Bob Burnett: Recently on The Online Photographer, there was discussion about iTunes' Jazz 101 series. What came out of it for me was a collective deep appreciation of Duke Ellington. In hopes of tapping further into Ellington’s world I thought I'd mention an album that isn’t a Duke Ellington album but is from the Ellington family, Johnny Hodges with Billy Strayhorn and THE Orchestra . The album was made in 1961 and features the silky beauty of Johnny Hodges' alto sax in a pairing with Billy Strayhorn as the arranger and band leader of the Ellington Orchestra. Strayhorn created new arrangements of songs by Ellington, Hodges and himself. There was a longtime relationship between the three men—30+ years of working together --when this album was made.
Johnny Hodges was always a Strayhorn favorite and frequently was a featured player in Strayhorn's arrangements of Ellington's compositions. This recording further pushes Hodges to the front of the orchestra and the results work well. Nothing can touch two arrangements in particular, "Daydream" and "I Got It Bad and That Ain't Good ". These two cuts alone are worth the price of the album.
On the downside (but far from a dealbreaker) there's an overall "produced" sound that tends to make the backing horns sound more glossy and smooth than they need to be. I've read where the blame lies with Rudy Van Gelder's recording--no way. Creed Taylor is credited as the producer and his CTI label in years to follow has always been a challenging effort for me to cut through; studio "enhancements" became a hallmark of his touch so why not think he'd do the same thing to this album? Johnny Hodges credited his alto sax sound to a blending of soprano sax legend Sidney Bechet and trumpet master Louis Armstrong. In his early days he apprenticed with Bechet at the Club Basha at 145th St. and Seventh Ave. in New York City. In Loren Schoenberg's 1998 re-release liner notes he quotes Hodges' reflections on that era.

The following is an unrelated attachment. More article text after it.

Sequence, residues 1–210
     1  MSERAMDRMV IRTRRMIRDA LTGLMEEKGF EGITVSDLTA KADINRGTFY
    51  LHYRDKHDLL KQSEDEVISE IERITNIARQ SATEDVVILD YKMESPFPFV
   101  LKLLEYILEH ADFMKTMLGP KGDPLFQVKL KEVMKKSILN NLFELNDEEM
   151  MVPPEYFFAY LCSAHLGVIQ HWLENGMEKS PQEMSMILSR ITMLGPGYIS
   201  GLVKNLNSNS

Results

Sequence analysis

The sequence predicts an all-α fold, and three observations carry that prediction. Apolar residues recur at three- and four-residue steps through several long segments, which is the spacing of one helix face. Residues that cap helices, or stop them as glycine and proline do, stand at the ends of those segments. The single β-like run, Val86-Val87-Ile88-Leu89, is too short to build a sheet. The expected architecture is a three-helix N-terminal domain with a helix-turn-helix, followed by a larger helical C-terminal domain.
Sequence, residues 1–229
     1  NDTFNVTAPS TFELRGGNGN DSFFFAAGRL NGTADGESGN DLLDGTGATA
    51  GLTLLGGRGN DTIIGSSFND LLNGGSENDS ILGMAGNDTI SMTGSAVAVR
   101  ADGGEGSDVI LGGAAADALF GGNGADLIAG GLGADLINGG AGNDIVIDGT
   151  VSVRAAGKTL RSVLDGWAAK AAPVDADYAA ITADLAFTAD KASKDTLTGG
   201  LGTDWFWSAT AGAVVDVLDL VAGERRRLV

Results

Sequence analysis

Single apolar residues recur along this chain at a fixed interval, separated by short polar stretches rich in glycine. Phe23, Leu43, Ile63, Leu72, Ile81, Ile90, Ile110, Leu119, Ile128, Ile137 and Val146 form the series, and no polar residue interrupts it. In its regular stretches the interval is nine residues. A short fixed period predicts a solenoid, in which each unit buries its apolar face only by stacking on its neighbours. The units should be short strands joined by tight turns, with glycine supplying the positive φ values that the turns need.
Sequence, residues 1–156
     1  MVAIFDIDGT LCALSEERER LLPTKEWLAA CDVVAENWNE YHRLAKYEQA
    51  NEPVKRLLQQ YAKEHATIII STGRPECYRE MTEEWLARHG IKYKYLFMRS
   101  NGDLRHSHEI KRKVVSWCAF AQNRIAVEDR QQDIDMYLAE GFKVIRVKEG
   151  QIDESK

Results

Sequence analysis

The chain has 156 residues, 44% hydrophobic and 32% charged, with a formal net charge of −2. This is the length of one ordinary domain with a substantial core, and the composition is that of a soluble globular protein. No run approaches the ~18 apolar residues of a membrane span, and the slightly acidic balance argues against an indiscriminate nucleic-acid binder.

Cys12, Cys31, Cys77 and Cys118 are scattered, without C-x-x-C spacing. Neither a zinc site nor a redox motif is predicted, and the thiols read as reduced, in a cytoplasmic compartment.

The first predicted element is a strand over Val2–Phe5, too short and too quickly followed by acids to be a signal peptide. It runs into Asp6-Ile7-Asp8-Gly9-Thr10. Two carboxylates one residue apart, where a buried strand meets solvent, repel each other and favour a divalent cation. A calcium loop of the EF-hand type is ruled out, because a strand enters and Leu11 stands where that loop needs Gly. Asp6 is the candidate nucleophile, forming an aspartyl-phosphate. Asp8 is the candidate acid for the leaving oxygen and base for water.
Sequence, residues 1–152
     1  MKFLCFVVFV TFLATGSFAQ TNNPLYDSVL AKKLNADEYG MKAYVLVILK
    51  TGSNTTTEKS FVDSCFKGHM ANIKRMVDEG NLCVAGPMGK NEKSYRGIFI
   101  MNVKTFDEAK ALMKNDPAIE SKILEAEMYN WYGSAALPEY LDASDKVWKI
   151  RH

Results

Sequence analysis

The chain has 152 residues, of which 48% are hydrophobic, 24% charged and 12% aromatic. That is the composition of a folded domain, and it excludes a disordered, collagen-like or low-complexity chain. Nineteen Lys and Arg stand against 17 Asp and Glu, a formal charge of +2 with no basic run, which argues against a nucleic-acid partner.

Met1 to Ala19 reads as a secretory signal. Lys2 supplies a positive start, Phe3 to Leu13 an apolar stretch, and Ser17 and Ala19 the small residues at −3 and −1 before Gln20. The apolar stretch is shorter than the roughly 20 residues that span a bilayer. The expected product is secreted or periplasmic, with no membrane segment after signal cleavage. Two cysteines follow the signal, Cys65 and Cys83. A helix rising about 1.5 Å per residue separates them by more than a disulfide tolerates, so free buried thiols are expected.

"I joined Sidney Bechet (at Club Basha)..he has another soprano, a straight one, which he gave to me and would teach me different
things in the duet form. Then I learned all the introductions and
solos so if he was late I would take over until he (Bechet) got
Billy Strayhorn was essential to the Ellington "sound".
His lush, interweaving new arrangements on this album ebb and flow with thoughtful subtlety regardless if the framework is ballad or blues. Sadly, Strayhorn died of cancer at age 52 only a handful of years after this album was made. Luckily we have this album that showcases his immense talent. Thanks be to Verve for putting this one out once again on cd as part of their "master edition" re-issue series. Seems to me this is one of those albums that could have easily fallen between the cracks and vanished.